In Teva Pharma Australia Pty Ltd v Boehringer Ingelheim Pharma GMBH & Co. KG  FCA 625, generic pharmaceutical manufacturer Teva Pharma Australia (“Teva”) scored a significant victory in their bid to invalidate two patents to Boehringer. This decision provides a useful summary for discovery in patent cases.
Australian Patent Nos. 2008203057 (Capsule Patent) and 757008 (Powder Patent) broadly relate to preparations containing inhalable forms of tiotropium, as either capsules or an inhalable powder. The patents describe that the claimed preparations have increased stability over known forms of tiotropium-containing inhalable preparations. Tiotropium is used to treat conditions involving contraction and relaxation of muscles, including respiratory disorders. The specification of each patent particularly refers to use of tiotropium for the treatment of asthma and Chronic Obstructive Pulmonary Disease, where inhalable administration of tiotropium is desirable. Tiotropium is a highly effective active pharmaceutical substance and as such, requires significant dilution with excipients during formulation. Diluting tiotropium raises the potential for instability of the substance in the final product formulation, which in turn may give rise to heterogenous dosage and administration of the active substance. The invention as claimed in each of the patents addresses the stability issue in inhaled forms of tiotropium.
Teva allege that the claims of each patent lack an inventive step when compared with the prior art base as it existed before the priority date in light of common general knowledge alone. Boehringer filed a cross-claim that Teva’s proposed product (Braltus) would infringe the contended patents.
Teva applied to the Court for discovery of documents relating to the development of the invention as claimed. Teva sought discovery in respect of five categories of documents and were granted discovery for all but one category of document.
Under Australian practice, discovery is permitted by order of the Court if and only to the extent that discovery is necessary to promote the just resolution of the proceeding as quickly, inexpensively, and efficiently as possible. “Fishing expeditions” for documents are not permitted. If discovery is granted by the Court, discovery may take many forms. Standard discovery (documents directly relevant to the issues pleaded) or non-standard discovery (category of documents). The Court may also make order limiting access to confidential documents.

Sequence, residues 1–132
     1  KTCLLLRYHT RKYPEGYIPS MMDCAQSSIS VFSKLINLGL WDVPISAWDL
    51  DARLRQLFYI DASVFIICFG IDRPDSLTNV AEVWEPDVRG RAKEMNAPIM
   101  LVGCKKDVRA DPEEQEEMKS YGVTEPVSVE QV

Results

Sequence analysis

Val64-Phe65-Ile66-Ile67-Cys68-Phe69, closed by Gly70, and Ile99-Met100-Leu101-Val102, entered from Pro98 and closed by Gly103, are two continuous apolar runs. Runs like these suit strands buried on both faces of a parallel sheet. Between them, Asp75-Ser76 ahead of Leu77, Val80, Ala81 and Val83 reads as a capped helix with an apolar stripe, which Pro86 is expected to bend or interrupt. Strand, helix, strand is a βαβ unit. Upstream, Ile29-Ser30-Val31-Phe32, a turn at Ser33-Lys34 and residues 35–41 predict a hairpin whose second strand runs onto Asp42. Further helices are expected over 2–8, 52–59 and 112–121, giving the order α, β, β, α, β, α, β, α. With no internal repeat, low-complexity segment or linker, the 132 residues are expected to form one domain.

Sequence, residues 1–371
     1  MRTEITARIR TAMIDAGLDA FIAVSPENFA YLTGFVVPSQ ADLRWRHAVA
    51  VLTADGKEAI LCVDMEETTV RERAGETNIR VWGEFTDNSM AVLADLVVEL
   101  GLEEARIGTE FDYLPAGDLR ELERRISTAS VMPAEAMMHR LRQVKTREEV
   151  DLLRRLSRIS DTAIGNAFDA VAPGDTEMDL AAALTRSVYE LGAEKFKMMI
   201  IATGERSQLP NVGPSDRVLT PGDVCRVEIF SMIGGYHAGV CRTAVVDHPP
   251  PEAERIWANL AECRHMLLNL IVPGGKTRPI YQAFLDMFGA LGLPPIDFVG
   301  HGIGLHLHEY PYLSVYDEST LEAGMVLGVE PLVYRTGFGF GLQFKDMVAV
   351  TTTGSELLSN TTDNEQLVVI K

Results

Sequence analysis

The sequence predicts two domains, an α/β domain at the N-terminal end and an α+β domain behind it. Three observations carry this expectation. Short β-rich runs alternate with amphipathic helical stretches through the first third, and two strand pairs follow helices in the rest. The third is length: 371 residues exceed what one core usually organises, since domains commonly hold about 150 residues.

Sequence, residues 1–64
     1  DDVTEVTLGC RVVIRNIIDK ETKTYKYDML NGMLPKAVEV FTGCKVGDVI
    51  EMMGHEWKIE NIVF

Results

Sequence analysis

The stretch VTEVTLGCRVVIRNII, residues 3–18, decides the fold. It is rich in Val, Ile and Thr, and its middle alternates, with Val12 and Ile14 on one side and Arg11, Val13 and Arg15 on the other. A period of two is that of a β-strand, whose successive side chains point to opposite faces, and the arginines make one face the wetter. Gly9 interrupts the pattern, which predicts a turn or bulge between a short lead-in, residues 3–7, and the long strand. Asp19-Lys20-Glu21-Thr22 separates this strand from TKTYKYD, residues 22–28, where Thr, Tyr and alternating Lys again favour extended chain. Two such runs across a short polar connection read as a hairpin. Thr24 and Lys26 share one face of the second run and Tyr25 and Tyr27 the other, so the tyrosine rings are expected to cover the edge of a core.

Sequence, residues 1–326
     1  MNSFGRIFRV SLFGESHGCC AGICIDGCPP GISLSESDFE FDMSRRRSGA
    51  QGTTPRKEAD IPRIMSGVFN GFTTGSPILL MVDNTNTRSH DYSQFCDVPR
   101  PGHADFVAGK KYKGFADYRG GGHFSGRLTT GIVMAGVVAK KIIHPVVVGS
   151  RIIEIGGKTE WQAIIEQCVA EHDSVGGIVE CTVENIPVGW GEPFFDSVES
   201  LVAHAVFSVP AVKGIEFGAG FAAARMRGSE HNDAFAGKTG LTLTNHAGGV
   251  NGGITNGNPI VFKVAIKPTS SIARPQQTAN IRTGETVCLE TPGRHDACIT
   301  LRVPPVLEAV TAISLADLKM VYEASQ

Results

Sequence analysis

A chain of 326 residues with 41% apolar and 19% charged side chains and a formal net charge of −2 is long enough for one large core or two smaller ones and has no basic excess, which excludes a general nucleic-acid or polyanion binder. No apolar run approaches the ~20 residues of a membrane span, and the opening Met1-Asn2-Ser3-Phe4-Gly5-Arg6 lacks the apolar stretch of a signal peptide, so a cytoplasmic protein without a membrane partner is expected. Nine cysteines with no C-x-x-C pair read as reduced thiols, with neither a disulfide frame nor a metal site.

In the current proceedings, Moshinsky J adopted the approach taken by Beach J in BlueScope Steel Limited v Dongkuk Steel Mill Co Ltd  FCA 1537 (“Bluescope”) to assess whether the documents were discoverable. In Bluescope, Beach J considered that the material needed to be relevant to the question being considered, and indeed “material as to what the inventor actually did or thought could not be said to be irrelevant to the question of obviousness, but that it only rose to the level of secondary significance” and would only permit discovery of “such a category that is targeted, proportionate and over a relatively tight time frame”.
Categories 1 and 3 were relevant to the question of the steps in the development of a tiotriopium dry powder formulation for a capsule, and the moisture-sensitivity thereof in respect of the Capsule Patent. The material covered all documents recording communications regarding the project by Boehringer employees, external consultants, and the capsule manufacturer (spanning June 1999 to June 2001), and all related laboratory notes and reports (spanning June 1999 to June 2002). Teva adduced evidence that a formulator would seek to minimise moisture in the formulation, including in the capsule, and that the formulator would contact capsule suppliers to obtain information about low-moisture capsules which were suitable for use, and test the capsules that were recommended. On this basis, the judge was satisfied that the material encompassed in Teva’s request was relevant, but of secondary significance only. Moreover, the requested was sufficiently targeted, proportionate, and covered a relatively tight time frame, and thus granted leave for discovery.
Teva presented similar arguments and evidence in support of discovery for category 4 and 5 documents (laboratory notes and reports, and protocols or standard operating procedures) relating to development of formulations of tiotropium with different grades or different particle sizes of lactose, during the period from October 1998 to October 2001 regarding the Powder document. Similarly, discovery was granted for category 4 and 5 documents.
Discovery of category 2 documents was rejected on the basis that this category was not sufficiently targeted since the scope of documents encompassed development of a dry powder formulation. Category 2 was considered to be too broad, and thus the application for discovery was denied.
Finally, the judge stressed that “Boehringer is only required to discover documents of which it is aware after a reasonable search and which are, or have been, in Boehringer’s control”, which speaks to the convenience issue when assessing whether or not to grant discovery in patent cases.
This decision is a useful summary of the considerations for discovery in patent cases. It remains to be seen how, and if, the material will play a role in the final outcome of this very interesting patent dispute.